Seth Greenberg, who gave us Mistral, is planning a similar restaurant on Melcher Street in Fort Point.
Greenberg told the Boston Licensing Board today he hopes to open an "upscale modern French bistro" called Bastile Kitchen/Chalet this September in a building now under construction at 49 Melcher St.
The $2-million venture will feature a 230-seat main dining room and a 70-seat area for private functions. Greenberg is proposing to buy the liquor license now held by Four Green Fields on Washington Street downtown.
Because this is Boston, a key issue for the licensing board is the proposed restaurant's closing time. Greenberg is seeking 2 a.m. closing time, which he said would let him serve private parties from the nearby convention center. City Councilor Bill Linehan, however, opposes closing times in that part of his district past 1 a.m.
Both Linehan's office and the mayor's office asked the board to hold off action on the liquor-license request until after Greenberg meets wtih nearby residents, sometime in the next three weeks. The board decides tomorrow what action to take on that request.
A terrified citizen reports four-wheeled hooligans have taken to flattening the signs that tell them to stop for pedestrians in crosswalks on A Street:
The pedestrian crossing sign has been destroyed again. The speed people drive down this road is crazy, when do we get a 4 way stop?
Grub Street Boston reports Fort Point is getting a gourmet shop that promises to have the largest cheese counter anywhere near downtown.
A Fort Point resident is seeking liquor and food-serving licenses to open a wine bar in the Channel Center Street building where he lives.
Brian Bresnahan's lawyer, Diane Modica, told the Boston Licensing Board today his proposed Internal Matter, 35 Channel Center Street, would give the area's burgeoning population of residents and workers a place to hang out after work and "have a glass of wine and eat something special." Bresnahan, a photographer, hopes to eventually add unspecified performances to the space, Modica said.
The board votes tomorrow on his requests, although board Chairwoman Nicole Murati Ferrer cautioned the board might not have any beer-and-wine licenses to hand out - which means Bresnahan would either have to reapply for an alcohol license and hope one became free or go out on the open market and buy one.
Bresnahan acknowledged that while he has worked in the food-service industry for several years, he has no experience running a restaurant. However, staked with a loan from his parents and a dream, he began talking to residents of his building several months ago about buying the space for Internal Matter. Modica said he's gotten overwhelming support for the proposal.
Bresnahan has lived in the building for five years.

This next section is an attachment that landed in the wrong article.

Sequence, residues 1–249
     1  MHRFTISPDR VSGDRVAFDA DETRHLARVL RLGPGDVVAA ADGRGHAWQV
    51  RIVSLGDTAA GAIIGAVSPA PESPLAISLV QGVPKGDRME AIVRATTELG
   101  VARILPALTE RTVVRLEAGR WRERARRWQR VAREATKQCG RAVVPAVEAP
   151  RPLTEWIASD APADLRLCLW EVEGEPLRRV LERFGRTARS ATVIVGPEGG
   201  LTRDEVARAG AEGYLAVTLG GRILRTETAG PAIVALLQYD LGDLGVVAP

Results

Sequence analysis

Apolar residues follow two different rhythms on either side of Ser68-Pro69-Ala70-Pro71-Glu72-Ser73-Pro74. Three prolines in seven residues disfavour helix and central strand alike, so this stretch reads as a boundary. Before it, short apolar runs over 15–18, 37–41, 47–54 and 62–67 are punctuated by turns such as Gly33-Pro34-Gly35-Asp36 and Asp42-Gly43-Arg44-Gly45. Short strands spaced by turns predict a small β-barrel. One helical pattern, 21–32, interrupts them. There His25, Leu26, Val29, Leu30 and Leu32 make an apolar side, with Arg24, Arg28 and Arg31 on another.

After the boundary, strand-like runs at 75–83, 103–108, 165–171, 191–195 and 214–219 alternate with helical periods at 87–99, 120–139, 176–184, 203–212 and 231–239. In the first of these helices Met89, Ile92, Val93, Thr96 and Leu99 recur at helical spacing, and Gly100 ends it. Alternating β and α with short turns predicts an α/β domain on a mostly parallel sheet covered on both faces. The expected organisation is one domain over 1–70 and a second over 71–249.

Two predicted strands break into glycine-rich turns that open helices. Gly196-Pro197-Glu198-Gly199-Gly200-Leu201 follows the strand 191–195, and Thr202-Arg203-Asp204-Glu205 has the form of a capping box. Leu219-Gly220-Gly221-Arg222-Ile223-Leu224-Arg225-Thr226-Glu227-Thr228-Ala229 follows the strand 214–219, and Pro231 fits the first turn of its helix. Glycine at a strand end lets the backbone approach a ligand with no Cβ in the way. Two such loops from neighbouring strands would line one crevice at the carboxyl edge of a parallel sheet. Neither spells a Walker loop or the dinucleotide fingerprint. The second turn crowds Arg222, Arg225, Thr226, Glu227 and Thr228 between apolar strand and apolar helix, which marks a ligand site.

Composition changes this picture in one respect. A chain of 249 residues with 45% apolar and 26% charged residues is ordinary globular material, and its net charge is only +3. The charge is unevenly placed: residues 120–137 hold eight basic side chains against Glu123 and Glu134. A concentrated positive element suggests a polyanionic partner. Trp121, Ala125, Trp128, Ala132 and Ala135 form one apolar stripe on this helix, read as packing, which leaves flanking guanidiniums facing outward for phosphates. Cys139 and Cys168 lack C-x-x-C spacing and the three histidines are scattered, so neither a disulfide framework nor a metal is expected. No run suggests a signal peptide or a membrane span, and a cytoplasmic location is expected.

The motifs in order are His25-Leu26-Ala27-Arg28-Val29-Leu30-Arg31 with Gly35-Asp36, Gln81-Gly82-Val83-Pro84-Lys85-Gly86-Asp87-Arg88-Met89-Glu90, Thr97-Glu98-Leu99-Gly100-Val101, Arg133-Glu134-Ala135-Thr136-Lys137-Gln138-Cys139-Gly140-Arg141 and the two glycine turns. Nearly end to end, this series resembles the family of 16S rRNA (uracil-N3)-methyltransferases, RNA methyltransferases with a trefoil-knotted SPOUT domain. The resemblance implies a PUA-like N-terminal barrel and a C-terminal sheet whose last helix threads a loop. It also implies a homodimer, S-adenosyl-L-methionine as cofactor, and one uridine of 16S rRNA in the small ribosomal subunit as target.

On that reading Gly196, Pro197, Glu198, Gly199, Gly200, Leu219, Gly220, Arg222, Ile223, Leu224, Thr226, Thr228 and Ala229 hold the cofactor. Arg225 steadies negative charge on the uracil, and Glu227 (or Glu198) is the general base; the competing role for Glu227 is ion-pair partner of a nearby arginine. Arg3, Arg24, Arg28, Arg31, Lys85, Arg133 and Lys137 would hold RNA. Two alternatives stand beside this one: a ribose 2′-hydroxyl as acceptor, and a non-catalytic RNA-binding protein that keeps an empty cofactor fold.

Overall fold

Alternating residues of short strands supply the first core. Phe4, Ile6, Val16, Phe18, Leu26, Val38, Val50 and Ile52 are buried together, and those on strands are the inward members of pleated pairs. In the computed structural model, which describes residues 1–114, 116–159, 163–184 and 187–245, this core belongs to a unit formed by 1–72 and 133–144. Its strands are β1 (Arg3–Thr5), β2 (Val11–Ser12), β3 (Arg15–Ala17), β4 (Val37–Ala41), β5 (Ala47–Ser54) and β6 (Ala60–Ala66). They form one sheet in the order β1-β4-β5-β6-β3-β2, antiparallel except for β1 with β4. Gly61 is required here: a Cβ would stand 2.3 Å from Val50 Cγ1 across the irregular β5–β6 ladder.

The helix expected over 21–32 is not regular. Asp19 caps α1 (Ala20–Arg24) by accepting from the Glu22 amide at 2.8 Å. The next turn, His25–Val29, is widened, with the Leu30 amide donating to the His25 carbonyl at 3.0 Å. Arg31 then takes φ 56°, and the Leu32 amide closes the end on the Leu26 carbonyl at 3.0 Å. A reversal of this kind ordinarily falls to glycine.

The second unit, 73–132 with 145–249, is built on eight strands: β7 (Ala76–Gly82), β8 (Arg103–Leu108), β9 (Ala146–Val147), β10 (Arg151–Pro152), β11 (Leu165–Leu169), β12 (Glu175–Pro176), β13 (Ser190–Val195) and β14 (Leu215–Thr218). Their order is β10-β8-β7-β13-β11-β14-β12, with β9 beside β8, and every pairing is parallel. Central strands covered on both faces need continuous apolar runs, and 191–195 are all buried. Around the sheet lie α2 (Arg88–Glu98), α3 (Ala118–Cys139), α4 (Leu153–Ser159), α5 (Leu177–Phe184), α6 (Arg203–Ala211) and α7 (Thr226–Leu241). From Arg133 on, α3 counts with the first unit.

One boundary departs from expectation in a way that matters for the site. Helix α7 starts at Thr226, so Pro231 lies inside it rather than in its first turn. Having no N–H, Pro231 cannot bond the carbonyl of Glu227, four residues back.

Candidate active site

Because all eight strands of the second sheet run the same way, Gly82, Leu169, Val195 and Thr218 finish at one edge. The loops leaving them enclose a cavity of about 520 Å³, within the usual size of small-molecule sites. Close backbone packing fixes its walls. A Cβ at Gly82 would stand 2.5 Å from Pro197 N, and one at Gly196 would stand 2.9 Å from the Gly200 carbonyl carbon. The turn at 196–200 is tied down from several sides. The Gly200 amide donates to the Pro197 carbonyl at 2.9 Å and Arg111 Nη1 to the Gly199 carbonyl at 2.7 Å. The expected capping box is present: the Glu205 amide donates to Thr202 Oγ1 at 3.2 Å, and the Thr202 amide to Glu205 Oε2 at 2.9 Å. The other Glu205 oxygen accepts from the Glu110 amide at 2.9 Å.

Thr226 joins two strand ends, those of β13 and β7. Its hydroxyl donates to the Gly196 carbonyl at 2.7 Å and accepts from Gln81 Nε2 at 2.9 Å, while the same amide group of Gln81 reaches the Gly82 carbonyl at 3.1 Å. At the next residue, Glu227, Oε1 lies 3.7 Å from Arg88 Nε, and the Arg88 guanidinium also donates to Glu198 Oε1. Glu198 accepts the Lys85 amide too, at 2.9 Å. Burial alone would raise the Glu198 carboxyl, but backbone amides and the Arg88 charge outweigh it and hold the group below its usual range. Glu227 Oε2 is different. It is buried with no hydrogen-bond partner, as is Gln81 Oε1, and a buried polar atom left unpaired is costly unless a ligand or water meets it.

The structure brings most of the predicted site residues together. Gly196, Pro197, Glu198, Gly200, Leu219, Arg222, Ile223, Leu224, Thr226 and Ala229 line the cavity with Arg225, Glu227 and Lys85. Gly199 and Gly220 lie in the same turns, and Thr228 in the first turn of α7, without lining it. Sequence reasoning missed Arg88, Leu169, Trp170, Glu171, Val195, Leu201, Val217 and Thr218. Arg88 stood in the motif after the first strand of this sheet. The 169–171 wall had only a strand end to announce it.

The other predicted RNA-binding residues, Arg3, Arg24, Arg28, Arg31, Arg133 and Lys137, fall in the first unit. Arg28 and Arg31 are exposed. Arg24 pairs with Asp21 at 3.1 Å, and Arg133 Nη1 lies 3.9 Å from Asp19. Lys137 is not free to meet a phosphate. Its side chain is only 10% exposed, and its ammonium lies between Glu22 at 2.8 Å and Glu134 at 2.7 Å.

Boston Restaurant Talk gets some details on Ming Tsai's proposed Blue Dragon restaurant.
Fort Point Blog provides the proof.
There was a nice sunset over the Gillette plant tonight (if not quite as dramatic as yesterday's), as seen from near the convention center. A few minutes later, the sunset was more muted, but completely different, over the Haul Road, as seen from the bridge between the convention center and the Silver Line stop:
The sign welcoming you to Fort Point is one of the last things you see before you cross the Summer Street bridge from Fort Point into downtown (the other side of the sign says "Welcome to South Boston").
The Fort Point Pier opened today:
With its broad floating dock having a planked deck surface only 12.5" inches above the waterline, generous in cleats and other potential tie-up points, Fort Point Pier is perfectly suited as a FREE, public launch point to Boston Harbor for kayak, canoe, stand-up paddle board (SUP), sit-on-top (SOT), rowboat, scull, surf ski and windsurfer/sailboard.
The pier offers all amenities necessary for easy onshore parking, pickup, drop-off, and portage of a kayak or similarly lightweight watercraft.
UPDATE: BFD identifies the cause of the fire.
The fire, in a four-story high crossover between two buildings, sent one firefighter to the hospital with a separated shoulder and another to the hospital with an arm injury, the department reports. Damage was estimated at $200,000, the cause is under investigation.
Boston Police are investigating why a woman fell to her death down a shaft in a Summer Street building tonight.
The Boston Fire Department, which initially responded to a call for a person down a shaft at 281 Summer St., said their search was at first hampered because the roof was dark and the building has more than one shaft. After more than an hour searching - and breaking down walls to several shafts - rescuers found her body at the bottom of a shaft on the third floor, the department says. The building is eight stories tall on one side; seven on another.
She was declared dead at the scene. The medical examiner's office will conduct an autopsy.